Pope Benedict XVI calls Holocaust 'indelible shame' of history





German-born Pope Benedict XVI, who grew up during Hitler's rise to power, condemned the Nazi attempt to exterminate Jews on Wednesday as a "project of death" that will remain forever an indelible stain on human history.

In his strongest comments on the Holocaust since his election in April, the 78-year-old Pope spoke about a Biblical psalm recalling the destruction of Jerusalem in the Old Testament and the Babylonian exile of Jews.

Addressing thousands of pilgrims at his weekly general audience in St Peter's Square, the Pope said God, as the ultimate arbiter of history, knows how to listen to "the cries of the victims," even if they are sometimes bitter towards him.

"It was almost a symbolic foretelling of the extermination camps in which the Jewish people were subjected to as part of infamous project of death which remains an indelible shame on the history of humanity," he said.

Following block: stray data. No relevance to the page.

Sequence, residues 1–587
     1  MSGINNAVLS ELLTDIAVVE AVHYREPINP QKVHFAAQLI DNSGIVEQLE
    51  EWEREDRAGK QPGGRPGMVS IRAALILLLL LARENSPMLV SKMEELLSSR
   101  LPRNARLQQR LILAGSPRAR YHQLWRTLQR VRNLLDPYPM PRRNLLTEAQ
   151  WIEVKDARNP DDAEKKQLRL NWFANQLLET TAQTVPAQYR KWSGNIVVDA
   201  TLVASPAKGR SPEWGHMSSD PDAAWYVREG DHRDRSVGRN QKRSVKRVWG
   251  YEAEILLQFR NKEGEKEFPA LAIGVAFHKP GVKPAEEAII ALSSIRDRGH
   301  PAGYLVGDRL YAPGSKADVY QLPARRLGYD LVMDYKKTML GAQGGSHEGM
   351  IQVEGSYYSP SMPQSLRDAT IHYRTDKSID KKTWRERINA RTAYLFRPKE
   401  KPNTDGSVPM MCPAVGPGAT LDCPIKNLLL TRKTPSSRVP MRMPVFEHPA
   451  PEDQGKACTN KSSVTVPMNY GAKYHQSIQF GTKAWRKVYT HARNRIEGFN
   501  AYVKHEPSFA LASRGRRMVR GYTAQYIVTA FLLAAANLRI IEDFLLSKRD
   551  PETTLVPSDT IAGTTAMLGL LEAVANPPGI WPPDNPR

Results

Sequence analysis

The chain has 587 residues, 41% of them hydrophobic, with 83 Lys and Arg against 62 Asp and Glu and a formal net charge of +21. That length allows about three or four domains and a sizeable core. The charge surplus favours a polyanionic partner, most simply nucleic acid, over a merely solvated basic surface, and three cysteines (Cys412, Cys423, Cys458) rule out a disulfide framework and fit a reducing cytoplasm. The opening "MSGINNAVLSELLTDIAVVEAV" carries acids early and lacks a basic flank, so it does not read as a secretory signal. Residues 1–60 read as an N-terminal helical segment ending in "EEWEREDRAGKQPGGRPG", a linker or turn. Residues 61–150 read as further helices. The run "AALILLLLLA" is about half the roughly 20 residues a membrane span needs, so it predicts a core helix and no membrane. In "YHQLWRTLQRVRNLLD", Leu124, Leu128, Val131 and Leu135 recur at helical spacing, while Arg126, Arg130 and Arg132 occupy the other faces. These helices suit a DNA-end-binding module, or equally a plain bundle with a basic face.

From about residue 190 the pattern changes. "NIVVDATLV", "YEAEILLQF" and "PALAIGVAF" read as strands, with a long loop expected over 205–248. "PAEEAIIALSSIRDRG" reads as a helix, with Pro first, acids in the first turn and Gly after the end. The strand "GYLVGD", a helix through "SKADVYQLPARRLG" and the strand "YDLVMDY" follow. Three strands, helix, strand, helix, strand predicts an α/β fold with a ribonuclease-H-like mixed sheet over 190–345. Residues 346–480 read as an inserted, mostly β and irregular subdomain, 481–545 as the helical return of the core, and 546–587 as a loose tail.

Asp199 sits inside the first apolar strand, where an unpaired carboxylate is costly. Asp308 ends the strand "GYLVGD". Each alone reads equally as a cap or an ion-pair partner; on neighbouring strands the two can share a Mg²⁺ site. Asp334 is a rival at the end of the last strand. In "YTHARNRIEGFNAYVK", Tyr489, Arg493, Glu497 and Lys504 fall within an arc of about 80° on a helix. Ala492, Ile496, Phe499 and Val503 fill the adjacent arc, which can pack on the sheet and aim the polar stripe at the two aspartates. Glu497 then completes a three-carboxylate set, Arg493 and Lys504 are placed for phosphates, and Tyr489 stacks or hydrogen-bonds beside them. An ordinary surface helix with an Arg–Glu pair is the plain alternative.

Benedict has in the past condemned the evil associated with the Nazis in his homeland. During his trip to Germany in August, he said Germans will always have to acknowledge it with shame and suffering.

The pope served briefly in the Hitler Youth during the war when membership of the Nazi paramilitary organization was compulsory, although he was never a member of the party and his family opposed Hitler's regime.

The pope has made relations between Catholics and Jews one of the priorities of his pontificate, meeting Jewish leaders and visiting the main synagogue of Cologne during his August trip to Germany.


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